March 1, 2021
Pennsylvania 2021 SUI tax rate factors and taxable wage base to remain the same; COVID-19 benefits are not charged to employer accounts despite information sent to employers
The calendar year 2021 employer state unemployment insurance (SUI) experience tax rates continue to range from 1.2905% to 9.9333%. The new employer rate remains at 3.6890% for non-construction employers and 10.2238% for construction employers. (Pennsylvania Department of Labor & Industry, Office of Unemployment Compensation website.)
Pennsylvania employers with a negative reserve ratio of greater than 20% as of the computation date may elect to have their negative balance reduced to negative 20% of the average annual taxable payroll. Election must be made between January 1 and April 30 of the rate year. The employer is assigned the maximum experience-based SUI rate for the current and next two years from the date of election. Care should be taken in making this election as it is irrevocable after 10 days.
The SUI taxable wage base continues at $10,000 for 2021.
The 2021 employee SUI withholding rate remains at 0.06% on total wages.
Mailing of 2021 rate notices
The Department mails SUI rate notices, Form UC-657, on or before December 31 of each year. Employers can access their rate notice information in their UCMS employer portal.
2021 SUI tax rates
Based on the current level of the Pennsylvania SUI trust fund and economic forecasts for the coming year, the following solvency measures are in effect for calendar year 2020:
The delinquency rate assigned to delinquent employers is adjusted by the solvency measures applicable to the particular year. The delinquency rate is the sum of the basic rate (reserve ratio factor + benefit ratio factor + state adjustment factor) +3 percent (3%) + the solvency measures (surcharge adjustment + additional contributions).
Note that If an employer defaults on an approved payment plan, the delinquency rate will be retroactively reinstated.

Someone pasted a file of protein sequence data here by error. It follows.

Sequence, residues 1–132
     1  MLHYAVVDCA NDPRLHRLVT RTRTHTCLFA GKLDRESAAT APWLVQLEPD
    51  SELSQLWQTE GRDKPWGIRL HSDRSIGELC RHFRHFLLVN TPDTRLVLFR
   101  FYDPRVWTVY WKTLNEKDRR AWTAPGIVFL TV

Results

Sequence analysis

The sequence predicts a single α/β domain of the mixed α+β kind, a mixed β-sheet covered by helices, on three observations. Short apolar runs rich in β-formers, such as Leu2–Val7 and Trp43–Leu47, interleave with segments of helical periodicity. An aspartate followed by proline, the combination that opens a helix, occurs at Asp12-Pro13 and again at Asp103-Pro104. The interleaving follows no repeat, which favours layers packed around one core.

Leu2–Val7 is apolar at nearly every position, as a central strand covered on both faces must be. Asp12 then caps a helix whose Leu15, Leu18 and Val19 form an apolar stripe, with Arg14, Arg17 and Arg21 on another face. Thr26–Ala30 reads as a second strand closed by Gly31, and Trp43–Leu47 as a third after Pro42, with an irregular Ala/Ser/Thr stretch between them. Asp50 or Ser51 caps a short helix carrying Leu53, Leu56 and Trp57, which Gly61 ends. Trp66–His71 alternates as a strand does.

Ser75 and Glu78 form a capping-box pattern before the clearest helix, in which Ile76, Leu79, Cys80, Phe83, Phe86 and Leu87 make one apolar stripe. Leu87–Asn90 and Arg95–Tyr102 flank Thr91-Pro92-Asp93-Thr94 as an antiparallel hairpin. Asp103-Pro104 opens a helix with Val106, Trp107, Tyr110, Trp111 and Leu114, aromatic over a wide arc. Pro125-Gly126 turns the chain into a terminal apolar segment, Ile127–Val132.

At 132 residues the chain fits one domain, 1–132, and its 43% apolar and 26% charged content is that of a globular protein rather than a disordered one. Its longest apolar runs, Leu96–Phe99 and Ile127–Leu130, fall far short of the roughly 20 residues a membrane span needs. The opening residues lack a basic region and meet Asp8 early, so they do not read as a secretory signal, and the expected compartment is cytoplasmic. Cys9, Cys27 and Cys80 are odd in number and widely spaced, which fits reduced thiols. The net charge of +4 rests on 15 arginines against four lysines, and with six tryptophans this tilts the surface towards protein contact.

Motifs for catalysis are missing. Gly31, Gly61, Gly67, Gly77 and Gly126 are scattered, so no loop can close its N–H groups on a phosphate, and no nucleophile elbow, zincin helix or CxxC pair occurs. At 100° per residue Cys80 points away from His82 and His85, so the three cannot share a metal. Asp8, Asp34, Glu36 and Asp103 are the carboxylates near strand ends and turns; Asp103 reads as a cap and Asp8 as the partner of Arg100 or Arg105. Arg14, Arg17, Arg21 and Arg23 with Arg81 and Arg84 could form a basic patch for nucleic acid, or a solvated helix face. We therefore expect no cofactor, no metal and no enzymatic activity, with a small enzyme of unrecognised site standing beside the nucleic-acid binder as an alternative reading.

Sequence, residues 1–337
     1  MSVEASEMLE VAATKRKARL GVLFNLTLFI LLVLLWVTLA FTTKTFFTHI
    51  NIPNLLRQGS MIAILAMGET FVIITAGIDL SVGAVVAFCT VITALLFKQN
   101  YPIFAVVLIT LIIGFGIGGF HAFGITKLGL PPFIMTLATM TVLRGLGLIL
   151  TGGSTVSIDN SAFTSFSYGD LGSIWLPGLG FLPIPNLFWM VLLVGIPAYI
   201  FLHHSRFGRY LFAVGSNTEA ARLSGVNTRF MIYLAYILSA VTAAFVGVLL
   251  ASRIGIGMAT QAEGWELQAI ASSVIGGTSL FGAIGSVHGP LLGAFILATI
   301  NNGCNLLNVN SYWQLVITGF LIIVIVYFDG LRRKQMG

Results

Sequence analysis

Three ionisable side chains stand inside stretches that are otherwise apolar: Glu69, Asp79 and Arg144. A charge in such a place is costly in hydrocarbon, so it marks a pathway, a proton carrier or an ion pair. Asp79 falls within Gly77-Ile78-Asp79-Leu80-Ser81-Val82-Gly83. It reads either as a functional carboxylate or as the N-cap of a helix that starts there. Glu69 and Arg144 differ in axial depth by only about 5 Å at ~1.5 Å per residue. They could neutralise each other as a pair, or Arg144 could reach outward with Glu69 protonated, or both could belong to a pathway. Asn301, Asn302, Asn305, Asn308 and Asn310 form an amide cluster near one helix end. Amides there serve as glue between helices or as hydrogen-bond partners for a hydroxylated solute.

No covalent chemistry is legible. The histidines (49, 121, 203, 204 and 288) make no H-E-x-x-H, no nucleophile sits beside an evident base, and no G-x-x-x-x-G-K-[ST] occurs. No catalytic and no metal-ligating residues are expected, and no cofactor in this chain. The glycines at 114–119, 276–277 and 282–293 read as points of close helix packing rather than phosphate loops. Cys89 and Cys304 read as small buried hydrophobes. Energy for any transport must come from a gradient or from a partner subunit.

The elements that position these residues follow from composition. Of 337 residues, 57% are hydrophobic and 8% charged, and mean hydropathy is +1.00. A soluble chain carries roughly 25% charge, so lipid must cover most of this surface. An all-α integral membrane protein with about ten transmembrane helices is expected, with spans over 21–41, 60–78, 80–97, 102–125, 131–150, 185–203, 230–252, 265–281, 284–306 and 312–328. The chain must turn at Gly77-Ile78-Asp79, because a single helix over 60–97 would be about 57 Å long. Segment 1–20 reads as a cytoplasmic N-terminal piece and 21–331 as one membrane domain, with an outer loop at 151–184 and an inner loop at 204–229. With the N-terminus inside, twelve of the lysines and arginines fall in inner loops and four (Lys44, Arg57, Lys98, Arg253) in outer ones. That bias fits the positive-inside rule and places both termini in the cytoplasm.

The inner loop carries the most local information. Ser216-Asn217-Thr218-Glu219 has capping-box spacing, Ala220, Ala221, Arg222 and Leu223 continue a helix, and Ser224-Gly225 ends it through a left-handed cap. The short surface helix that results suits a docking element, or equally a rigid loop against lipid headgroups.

For an explanation of the 2021 SUI tax rate computation, go here. For a historical rate chart (2014—2021), go here.
COVID-19 UI benefits should not be charged to employer accounts, but Department has noticed discrepancies
On March 27, 2020, Governor Tom Wolf signed Act 9 of 2020 to temporarily amend the Pennsylvania Unemployment Compensation (UC) Law. Pursuant to these emergency provisions related to COVID-19, contributory employers and reimbursable employers who had paid the 2020 solvency fee received automatic relief from charges for employees whose UC claims were due to the COVID-19 outbreak or public health officials' efforts to contain and prevent the spread of COVID-19. Contributory employers and reimbursable employers who had paid the solvency fee for calendar year 2020 did not have to apply for relief from these COVID-19 related charges.
Note that the agency's website indicates that the Form UC-640 benefit charge statements mailed in late 2020 indicated that employers were being charged for all UI benefits, including those attributable to COVID-19. The Department states, however, that all UI benefit charges that are the result of a separation due to COVID-19 were retroactively credited to employer accounts. While the Department says that employers do not need to contact the agency or send proof that the charges are the result of a COVID-19 separation, employers should carefully review future Forms UC-640 to confirm their accounts were properly credited.
For more information on SUI taxes in Pennsylvania, see the Department's website or contact the UC Employer Contact Center at +1 866 403 6163.
Ernst & Young LLP insights
Pennsylvania began in September 2020 to borrow from the federal government to keep the state UI trust fund solvent so that UI benefits may continue to be paid. According to the federal U.S. Department of Labor website, as of February 24, 2021, Pennsylvania had a federal UI Title XII loan balance of $1,137,942,463.60.
If the state continues to have an outstanding loan balance as of November 10, 2022, a federal unemployment insurance (FUTA) credit reduction of 0.3% would go into effect in 2022, thereby increasing the amount of FUTA tax that Pennsylvania employers are required to pay.
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